European-Arab Cartoon War Escalates

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It's politically incorrect, and also inaccurate, to use the loaded phrase "clash of civilizations" to describe big stuff like the war in Iraq or the Israeli-Palestinian conflict. But the burgeoning international conflict over a series of cartoons in a provincial Danish newspaper caricaturing the Prophet Muhammad seems to fit the term with depressing accuracy. It's a case of the hard-fought right to free expression banging up against Muslims' conviction that states ought to punish anyone who insults the Prophet. And so far, all the protagonists appear ready to ride their principles to Armageddon.

When they first appeared last September, the images—one of which shows Muhammad's turban transformed into a bomb—caused only a minor kerfuffle. Finding any artistic representation of the Prophet inappropriate, and that some of these images conveyed disrespect against him and against Islam as a religion, Arab ambassadors in Copenhagen quickly demanded meetings last autumn with Danish Prime Minister Anders Fogh Rasmussen. He demurred, making the bulletproof argument that government doesn't control the free press. But it has broken out with new and somewhat mysterious force since a Norwegian periodical reprinted the cartoons on January 10. Arab Ambassadors were recalled from Denmark, protest marches were under way in Kuwait and Damascus, and armed gunmen shut down the office of the European Union in Gaza City. Boycotts of Danish products spread throughout the Middle East, and death threats were issued against journalists.

A number of European papers, including Germany's Die Welt, Spain's El Periodico, the Netherlands' de Volkskrant and Italy's La Stampa, then responded by republishing the drawings in support of the principle of free expression. "I don't really understand the fuss," Die Welt editor Roger Köppel, who ran one on his front page today, told German television. "Arabic television has shown beheadings and staged bestial rituals involving Jewish rabbis. We're seeing double standards at work here, and it's the job of journalists to expose them." Larry Kilman, communications director of the World Association of Newspapers, says the "overreaction in the Middle East is disturbing."

The principled stand of at least one of the papers looked a little suspicious: France-Soir, a once noble French daily that has been slowly dying as its circulation figures have collapsed, got more attention than it has for years by republishing all the cartoons. But after the paper's current owner, Egyptian financier Raymond Lakah, fired the editor—who had reportedly argued against publishing the drawings in editorial meetings—France Soir's future seemed more precarious than ever.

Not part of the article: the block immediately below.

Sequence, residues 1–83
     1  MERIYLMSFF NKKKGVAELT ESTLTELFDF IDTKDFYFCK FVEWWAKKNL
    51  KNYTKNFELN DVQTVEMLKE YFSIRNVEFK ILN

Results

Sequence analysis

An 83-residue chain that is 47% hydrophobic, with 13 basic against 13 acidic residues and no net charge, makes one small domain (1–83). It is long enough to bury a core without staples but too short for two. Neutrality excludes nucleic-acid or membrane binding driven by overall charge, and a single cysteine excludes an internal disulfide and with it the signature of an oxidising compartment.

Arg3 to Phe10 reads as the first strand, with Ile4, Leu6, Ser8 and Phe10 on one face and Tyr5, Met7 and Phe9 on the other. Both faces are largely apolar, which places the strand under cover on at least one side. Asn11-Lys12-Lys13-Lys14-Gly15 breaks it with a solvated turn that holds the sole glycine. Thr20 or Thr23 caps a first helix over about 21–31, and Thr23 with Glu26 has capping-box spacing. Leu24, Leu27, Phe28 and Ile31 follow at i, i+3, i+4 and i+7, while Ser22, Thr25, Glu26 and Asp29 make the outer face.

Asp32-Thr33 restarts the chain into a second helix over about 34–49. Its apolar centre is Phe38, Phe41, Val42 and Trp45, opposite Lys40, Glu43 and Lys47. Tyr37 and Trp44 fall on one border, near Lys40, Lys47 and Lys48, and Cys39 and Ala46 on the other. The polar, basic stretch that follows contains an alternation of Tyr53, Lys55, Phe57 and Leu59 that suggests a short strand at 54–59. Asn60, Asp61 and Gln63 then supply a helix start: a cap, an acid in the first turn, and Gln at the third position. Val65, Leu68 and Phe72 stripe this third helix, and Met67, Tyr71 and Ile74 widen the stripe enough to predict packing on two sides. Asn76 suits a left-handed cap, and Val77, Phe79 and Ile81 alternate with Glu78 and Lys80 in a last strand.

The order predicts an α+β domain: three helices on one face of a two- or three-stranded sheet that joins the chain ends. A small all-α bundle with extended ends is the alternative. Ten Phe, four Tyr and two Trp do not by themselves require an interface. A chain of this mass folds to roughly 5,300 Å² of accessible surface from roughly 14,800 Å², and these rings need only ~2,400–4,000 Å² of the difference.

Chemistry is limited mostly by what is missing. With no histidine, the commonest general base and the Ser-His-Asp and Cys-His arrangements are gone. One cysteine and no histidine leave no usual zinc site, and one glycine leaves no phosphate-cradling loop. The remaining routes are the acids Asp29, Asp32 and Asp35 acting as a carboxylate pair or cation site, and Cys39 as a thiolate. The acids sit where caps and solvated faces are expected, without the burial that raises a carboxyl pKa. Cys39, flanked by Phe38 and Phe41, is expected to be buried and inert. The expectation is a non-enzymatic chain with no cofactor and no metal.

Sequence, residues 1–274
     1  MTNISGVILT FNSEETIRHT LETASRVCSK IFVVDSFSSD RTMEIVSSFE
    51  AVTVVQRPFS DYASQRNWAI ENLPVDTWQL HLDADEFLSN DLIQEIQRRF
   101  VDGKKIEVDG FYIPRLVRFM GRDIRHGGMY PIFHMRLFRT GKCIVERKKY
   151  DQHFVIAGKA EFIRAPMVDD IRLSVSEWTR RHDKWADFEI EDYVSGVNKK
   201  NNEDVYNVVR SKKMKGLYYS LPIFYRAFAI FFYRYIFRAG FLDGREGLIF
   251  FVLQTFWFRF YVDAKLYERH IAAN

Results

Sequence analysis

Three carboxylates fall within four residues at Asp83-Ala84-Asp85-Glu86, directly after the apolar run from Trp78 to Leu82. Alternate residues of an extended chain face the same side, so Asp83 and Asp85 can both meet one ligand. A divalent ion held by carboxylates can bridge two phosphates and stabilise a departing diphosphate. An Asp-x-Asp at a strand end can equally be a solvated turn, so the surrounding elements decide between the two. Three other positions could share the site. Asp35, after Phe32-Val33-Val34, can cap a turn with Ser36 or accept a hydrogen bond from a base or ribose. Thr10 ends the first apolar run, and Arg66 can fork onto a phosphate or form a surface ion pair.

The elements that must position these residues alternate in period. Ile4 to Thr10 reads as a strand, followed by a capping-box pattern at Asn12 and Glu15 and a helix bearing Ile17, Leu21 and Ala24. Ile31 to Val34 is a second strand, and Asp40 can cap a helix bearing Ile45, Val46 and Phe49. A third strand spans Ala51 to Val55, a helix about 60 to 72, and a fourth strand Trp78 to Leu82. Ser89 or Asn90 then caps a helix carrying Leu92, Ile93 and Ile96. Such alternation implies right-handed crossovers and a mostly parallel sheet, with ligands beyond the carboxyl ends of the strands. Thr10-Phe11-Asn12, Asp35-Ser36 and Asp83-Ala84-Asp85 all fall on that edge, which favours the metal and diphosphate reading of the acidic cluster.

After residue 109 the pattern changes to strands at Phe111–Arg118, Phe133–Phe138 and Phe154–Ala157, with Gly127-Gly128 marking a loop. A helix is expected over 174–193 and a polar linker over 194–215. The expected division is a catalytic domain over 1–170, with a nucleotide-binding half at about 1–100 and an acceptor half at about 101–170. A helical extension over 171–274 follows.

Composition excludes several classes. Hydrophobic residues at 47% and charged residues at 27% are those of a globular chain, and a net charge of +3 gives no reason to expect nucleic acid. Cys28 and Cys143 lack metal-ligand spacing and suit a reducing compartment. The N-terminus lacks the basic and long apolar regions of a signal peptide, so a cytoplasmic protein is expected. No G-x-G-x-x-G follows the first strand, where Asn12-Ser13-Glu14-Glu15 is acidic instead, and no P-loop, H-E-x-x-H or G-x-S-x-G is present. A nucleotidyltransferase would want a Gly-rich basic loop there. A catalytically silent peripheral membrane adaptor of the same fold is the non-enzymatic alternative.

The hypocrisy on the other side of the debate was even thicker. Syria called on the Danish government "to take the necessary measures to punish the culprits," piously arguing that "the dialogue of civilizations is based on mutual respect." Tell that to the Lebanese, whom the Syrians have treated as vassals for the past quarter century. Dalil Boubakeur, the chairman of the state-sponsored French Council for the Muslim Religion, was on the ramparts two years ago arguing for the principles of secularism that undergirds France's 2004 law against the wearing of veils or other religious symbols in schools. But when asked about the threats directed at Europeans in the Gaza strip as the result of the cartoons, he said, "He who sows the wind reaps a tempest." Meanwhile, Western governments were left with no options much better than to straddle the dilemma the way Denmark did: by regretting the hurt caused by something they didn't do, while pointing out that they have no means or desire to punish journalists who did. But the dispute seems to have acquired a life of its own. Nestle, for example, took out ads in the Middle East early this week pointing out that its products are Swiss, not Danish. But by Thursday two Swiss papers had published the drawings, too.